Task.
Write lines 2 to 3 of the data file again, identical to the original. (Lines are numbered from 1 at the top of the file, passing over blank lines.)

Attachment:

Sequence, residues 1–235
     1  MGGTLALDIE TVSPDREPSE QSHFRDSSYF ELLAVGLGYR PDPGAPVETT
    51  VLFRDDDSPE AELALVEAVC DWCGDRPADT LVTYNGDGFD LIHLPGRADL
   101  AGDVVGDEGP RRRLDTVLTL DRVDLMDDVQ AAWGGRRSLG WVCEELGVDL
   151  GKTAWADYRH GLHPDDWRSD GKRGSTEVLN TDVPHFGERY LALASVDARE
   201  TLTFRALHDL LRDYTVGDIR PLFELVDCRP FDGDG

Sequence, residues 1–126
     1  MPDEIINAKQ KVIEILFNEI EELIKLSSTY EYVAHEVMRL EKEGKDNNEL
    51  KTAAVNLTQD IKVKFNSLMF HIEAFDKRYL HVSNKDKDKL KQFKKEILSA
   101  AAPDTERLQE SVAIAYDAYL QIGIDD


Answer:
     1  MGGTLALDIE TVSPDREPSE QSHFRDSSYF ELLAVGLGYR PDPGAPVETT
    51  VLFRDDDSPE AELALVEAVC DWCGDRPADT LVTYNGDGFD LIHLPGRADL